Beyonce was amazing in the Super Bowl Halftime Performance you guys.
Like, I can’t stop thinking about it amazing. Like, I’ve watched it five times amazing. Like, I’m listening to her music on Spotify for the rest of the month amazing. Maybe it’s just because I love a good mash up and some athletic dance moves and incredible costume designs. But I also love that performance because now I can’t stop thinking about women, sex, and power.
I’m grateful for the intention my Twitter and Blog friends bring to this discussion. They’re not just spouting opinions about “God’s standards” or even denying the sexualized nature of Bey’s performance. But they’re talking about how they handle their own sexuality, their media consumption, the way they raise their kids, the social structures of patriarchy and misogyny and the male gaze, and a hope and a future for all people. This gets me excited. And it makes me think.
It makes me think about my own power and how I’m learning to embrace rather than suppress it. I grew up in social structure where I had very little power and much obligation. I was conditioned to think that any power I had as a woman, let alone an intelligent or attractive woman, was sinful and selfish. I was trained to believe that power was limited and that if you took some as a woman, you were taking it from a man who deserved it.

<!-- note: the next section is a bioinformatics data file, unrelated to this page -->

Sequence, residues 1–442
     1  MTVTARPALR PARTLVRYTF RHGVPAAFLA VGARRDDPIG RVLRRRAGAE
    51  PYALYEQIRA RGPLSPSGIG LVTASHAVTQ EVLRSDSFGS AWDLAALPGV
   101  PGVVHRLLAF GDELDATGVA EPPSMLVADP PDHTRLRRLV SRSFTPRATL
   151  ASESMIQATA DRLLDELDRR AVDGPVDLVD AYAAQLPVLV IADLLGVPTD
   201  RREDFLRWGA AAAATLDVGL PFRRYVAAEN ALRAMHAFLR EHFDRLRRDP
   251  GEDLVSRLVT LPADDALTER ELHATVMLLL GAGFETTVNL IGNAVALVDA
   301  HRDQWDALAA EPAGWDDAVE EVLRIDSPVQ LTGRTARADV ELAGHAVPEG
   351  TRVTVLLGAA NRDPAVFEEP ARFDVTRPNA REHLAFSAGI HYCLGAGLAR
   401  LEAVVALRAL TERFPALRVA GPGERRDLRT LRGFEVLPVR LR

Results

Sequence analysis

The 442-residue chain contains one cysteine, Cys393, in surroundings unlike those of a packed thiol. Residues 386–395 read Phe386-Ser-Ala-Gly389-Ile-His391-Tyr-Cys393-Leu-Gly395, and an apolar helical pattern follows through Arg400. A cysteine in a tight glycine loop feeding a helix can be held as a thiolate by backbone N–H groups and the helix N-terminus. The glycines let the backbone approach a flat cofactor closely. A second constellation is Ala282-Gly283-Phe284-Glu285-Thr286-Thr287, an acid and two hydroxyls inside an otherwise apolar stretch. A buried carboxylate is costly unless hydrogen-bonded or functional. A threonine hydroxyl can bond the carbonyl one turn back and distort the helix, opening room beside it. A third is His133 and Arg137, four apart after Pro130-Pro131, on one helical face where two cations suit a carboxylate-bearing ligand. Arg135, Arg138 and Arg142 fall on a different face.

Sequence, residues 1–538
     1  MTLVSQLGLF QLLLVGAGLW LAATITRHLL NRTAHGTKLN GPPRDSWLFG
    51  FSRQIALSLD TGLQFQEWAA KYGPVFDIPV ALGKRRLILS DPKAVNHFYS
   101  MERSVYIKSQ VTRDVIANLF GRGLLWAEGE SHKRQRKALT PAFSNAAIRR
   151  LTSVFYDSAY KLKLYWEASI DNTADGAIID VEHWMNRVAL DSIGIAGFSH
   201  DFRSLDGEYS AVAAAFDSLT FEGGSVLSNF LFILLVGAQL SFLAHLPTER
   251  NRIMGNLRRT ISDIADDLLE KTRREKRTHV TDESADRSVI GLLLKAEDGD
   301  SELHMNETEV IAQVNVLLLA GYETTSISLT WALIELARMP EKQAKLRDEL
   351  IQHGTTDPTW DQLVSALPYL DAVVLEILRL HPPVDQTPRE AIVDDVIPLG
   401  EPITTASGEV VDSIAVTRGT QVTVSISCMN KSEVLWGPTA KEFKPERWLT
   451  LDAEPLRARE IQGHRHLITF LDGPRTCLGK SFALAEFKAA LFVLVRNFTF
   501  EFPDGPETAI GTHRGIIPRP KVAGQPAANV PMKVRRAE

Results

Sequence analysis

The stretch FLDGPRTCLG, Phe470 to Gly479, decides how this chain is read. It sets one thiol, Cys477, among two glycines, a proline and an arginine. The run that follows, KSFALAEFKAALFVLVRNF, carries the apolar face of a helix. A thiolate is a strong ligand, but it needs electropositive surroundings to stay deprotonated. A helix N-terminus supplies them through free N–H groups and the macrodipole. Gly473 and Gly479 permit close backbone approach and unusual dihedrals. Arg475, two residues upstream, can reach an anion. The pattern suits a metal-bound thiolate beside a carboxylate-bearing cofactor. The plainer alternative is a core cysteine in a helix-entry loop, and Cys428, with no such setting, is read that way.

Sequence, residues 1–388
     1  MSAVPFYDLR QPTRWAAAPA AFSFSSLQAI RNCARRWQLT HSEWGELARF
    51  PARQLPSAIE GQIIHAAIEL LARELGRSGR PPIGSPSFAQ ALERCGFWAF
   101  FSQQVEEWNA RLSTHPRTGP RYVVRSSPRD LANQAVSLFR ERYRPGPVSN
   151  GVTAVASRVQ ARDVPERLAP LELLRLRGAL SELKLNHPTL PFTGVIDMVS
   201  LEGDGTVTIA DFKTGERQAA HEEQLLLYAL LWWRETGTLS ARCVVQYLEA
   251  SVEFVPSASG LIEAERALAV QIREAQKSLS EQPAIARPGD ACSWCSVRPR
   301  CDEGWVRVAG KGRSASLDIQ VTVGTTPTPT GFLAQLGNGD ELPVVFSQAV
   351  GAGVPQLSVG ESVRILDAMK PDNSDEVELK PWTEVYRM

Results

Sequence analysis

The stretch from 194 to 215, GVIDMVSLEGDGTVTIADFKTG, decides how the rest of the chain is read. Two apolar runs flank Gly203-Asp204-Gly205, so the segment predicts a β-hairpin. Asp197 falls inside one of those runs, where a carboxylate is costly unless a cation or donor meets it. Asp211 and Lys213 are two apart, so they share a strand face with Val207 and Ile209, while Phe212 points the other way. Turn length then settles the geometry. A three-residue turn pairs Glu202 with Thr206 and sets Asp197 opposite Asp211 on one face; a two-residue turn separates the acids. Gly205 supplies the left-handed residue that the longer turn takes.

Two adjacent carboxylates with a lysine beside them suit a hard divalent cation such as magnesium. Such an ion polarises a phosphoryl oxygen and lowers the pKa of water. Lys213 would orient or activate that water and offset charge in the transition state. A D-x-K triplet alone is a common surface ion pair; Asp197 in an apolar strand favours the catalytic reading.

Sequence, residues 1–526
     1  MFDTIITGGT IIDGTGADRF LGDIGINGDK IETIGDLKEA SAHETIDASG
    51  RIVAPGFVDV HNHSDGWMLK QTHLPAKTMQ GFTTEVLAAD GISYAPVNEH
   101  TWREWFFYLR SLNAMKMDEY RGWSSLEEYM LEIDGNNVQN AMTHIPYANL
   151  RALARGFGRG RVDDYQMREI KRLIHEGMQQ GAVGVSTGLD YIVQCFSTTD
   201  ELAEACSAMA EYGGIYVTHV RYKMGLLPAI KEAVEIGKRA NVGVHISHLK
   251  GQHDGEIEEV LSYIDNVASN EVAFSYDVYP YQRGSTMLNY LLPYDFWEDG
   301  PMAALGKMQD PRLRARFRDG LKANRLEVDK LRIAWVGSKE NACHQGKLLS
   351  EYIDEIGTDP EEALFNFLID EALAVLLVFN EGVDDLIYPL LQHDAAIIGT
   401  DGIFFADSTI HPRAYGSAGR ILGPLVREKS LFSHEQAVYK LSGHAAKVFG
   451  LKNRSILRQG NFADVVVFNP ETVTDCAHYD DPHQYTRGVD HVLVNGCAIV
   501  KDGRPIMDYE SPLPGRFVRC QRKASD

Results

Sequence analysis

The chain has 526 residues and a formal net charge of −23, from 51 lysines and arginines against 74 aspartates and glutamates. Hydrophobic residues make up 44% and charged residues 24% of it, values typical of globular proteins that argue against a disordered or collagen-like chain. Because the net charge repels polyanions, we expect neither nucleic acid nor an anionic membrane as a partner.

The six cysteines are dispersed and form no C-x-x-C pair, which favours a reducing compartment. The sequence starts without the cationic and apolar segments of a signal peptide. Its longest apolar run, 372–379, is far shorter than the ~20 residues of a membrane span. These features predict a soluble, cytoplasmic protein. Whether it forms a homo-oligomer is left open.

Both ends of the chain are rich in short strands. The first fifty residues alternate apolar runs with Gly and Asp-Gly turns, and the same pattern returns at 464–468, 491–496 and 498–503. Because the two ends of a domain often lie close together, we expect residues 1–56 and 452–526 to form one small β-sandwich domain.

Then one time I responded (to myself, probably) “Wait, why is it inherently wrong for me to have power?”
I’m realizing that it’s not that I shouldn’t have power, it’s that I shouldn’t use my power to abuse or manipulate people. I am a woman who doesn’t have Beyonce’s voice, charisma or dance moves, but I have my own power. I’m learning how to love my power and celebrate it well.
Okay, maybe I’m trying Beyonce’s dance moves too.